Taping Culture

Isn’t it interesting that we as a culture (at least in the west) used to tape things? In the 1980s and 90s, it was common to use a VCR to record things off TV (or other VHS tapes) or record songs off the radio (or from other cassette tapes). I’m sure not everyone did this, but to my then-child eyes, it seemed like it was pretty prevalent.

What was so interesting about it was we were sort of appropriating media for our own uses. Television dictated “you watch this show when we tell you, or not at all” and taping culture said, “No, I’ll watch it when I please” or “I want to keep this around for reference later.” Radio and the music industry said “You either listen to the music (and ads) all the time, buy our tapes and records, or don’t listen at all” and again our culture had these little tools of defiance where we made audio our own.

The mix tape was a great fallout of this. Not only were we making copies, we were recombining copies as we saw fit! Maybe the perfect playlist for you had jazz and hip hop, but good luck waiting for the music industry to put out a tape like that. Fuck it, make it yourself.

Everything was and is a remix, yes, but without taping culture these remixes were often made and experienced en mass, created and consumed largely via entertainment industries. But now we could remix on our own.

Things have changed today, as they always do. For starters, most video and audio is copy protected (something tells me the industries sorta didn’t like home taping?). And with things like Netflix and Spotify, the need to record something to time shift has diminished. No real need to record something when you can just play it at will from a service, anyway. There’s also Tivo, which seems to fill the same niche as VCRs, albeit with a little more computer involved.

But it seems like the whole cultural idea of “taping” has kind of evaporated. Yes, it’s often technically possible to make copies of things (you can make or download copies of movies, music, etc), but culturally it’s not something we do as often anymore.

The closest things I can think of are apps like Tumblr, which allow you to do a kind of constant drive-by remix of a never-ending flow of “content.” This is similar, I guess, but it feels much less like you’re appropriating the media you want, and instead like you’re just redirecting copies of bits into your own personal ephemeral stream. It’s not that one is necessarily better than the other, just that it’s different.

Also cameras. With cameras in our pockets wherever we go, we now have appropriation devices. We can make crude copies of what we see, visually accurate but otherwise lifeless renditions of the world. I can and do take pictures of pretty much anything that interests me, but I also take pictures of things I want to remember, things I need to do (like travel receipts I need to get reimbursed for). I make screenshots of text conversations I want to hold on to.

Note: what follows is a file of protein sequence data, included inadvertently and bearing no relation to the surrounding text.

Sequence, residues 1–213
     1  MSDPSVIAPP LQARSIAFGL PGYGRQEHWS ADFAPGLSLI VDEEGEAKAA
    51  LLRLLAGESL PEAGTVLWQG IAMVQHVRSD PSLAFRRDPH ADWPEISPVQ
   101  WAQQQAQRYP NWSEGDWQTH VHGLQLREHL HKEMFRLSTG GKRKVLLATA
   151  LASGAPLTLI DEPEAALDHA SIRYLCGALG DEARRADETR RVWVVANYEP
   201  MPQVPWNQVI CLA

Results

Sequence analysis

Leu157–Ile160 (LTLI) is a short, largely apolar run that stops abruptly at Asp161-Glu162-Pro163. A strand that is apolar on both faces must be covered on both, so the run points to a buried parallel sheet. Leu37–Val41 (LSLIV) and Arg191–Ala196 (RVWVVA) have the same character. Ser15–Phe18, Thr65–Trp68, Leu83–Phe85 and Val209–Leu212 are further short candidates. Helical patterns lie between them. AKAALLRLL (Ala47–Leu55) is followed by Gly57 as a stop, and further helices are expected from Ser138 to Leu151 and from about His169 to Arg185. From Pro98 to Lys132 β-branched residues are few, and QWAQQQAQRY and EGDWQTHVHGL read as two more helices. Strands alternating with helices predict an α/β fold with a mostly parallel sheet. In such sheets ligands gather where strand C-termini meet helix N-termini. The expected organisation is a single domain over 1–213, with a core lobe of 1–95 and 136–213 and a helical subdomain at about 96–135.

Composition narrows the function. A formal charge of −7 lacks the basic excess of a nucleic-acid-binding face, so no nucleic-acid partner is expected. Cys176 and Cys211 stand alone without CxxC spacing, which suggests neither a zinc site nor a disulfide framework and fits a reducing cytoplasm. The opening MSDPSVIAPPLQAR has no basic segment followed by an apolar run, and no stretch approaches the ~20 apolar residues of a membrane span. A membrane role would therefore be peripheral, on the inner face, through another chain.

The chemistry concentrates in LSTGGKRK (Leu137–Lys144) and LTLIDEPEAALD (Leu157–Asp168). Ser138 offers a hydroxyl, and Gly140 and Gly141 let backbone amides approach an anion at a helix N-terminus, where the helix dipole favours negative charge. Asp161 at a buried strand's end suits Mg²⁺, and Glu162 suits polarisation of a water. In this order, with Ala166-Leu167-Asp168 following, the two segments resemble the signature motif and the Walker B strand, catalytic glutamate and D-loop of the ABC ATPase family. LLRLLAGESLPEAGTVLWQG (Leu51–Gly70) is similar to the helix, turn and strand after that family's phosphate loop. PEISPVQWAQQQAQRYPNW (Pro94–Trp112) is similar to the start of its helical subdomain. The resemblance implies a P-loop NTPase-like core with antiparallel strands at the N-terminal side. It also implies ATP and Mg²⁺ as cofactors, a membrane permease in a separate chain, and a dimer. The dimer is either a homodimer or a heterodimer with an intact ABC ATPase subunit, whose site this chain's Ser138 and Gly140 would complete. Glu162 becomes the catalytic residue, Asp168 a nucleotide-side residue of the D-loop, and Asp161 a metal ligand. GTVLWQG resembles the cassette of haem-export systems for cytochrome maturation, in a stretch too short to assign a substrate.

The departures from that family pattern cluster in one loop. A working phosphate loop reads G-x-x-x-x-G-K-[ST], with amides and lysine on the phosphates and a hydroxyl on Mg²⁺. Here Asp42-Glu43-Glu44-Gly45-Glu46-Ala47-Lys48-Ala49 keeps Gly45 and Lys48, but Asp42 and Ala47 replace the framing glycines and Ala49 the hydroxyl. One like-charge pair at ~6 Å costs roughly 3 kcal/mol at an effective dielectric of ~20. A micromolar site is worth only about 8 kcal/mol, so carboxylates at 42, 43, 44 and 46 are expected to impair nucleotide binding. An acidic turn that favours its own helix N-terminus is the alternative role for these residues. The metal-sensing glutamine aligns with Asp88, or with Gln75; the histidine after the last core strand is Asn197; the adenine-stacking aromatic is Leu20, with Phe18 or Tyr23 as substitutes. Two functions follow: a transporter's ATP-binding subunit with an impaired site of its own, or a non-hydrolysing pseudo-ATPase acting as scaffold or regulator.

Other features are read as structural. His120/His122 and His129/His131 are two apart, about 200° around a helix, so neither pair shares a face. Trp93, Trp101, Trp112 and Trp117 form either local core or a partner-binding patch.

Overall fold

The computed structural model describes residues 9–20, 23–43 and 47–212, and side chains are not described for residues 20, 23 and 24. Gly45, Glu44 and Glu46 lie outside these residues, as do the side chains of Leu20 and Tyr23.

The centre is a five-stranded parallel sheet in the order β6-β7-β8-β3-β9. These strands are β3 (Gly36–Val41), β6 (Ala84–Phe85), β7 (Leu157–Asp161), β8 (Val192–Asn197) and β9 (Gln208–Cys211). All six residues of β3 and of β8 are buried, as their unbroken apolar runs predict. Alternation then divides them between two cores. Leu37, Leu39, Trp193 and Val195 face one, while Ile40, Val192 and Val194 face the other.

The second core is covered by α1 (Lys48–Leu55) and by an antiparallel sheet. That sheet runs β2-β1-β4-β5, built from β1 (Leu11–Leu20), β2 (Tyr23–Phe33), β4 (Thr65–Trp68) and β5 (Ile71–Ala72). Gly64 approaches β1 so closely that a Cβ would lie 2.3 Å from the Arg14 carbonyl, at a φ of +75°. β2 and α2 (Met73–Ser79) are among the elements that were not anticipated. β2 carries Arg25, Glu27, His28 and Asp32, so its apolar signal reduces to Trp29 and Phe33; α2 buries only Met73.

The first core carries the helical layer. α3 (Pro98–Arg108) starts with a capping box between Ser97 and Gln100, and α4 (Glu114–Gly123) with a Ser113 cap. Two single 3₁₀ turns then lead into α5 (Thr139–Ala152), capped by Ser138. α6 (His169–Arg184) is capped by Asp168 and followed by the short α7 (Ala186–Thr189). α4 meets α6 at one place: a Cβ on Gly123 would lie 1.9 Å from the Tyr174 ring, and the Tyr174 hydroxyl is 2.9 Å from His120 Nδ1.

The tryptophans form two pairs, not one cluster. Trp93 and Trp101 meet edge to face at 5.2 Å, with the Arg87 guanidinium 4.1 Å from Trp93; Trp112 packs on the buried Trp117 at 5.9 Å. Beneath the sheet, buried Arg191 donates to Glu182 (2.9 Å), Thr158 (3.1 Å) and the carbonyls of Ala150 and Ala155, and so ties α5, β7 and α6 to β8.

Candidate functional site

The camera + screenshots are a common way we appropriate digital data on our phones, but the OS makers don’t seem to take advantage of this. The camera + screenshot + appropriation culture is brimming with potential, but relatively stunted due to the software available.

Do you think we still live in a taping culture? Has it largely evaporated in favour of large industries telling us when and what we do? Or do we as a culture still do make our it our own?

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Soroush Khanlou
I think the most shining example of what you call "taping culture" on the web is Instapaper. I think it's ultimately kinda dying as well, but it's hard to say if that's because of mismanagement or because people are exceedingly not interested in the idea. (I'm leaning towards the former.)

Instapaper lets you take a thing you're looking at now, time-shift it, and clean it up into a format that's more preferable to you, and generally not the publisher. And the publisher can't do anything about it. 😈

I'd also like a twitter client that let me do stuff like that. Tag tweets with thoughts or categories that I have (something beyond the crude and primarily-useful-for-signalling "like" bit), make searchable the last 100,000 tweets I saw, and so on. Twitter for me rather than twitter for twitter.
Jason Brennan
Instapaper lets you take a thing you're looking at now, time-shift it, and clean it up into a format that's more preferable to you, and generally not the publisher. And the publisher can't do anything about it. 😈
That's a great point! It's definitely a great subversion of what the publisher wants you to do, plus it allows for the “time shifting” aspect too.
Tag tweets with thoughts or categories that I have (something beyond the crude and primarily-useful-for-signalling "like" bit), make searchable the last 100,000 tweets I saw, and so on. Twitter for me rather than twitter for twitter.
I kind of use Pinboard like this. Any time I find a tweet I want to remember (or: want to preserve in case the person deletes it), I bookmark and tag it. It’s not quite as good as “index the last X tweets I’ve seen so I can search them later” but it works well enough in practice.

And now all of this taping / archiving stuff is reminding me a bit about the Memex concept. It’d be really nice to turn something like Pinboard into a wiki of sorts.

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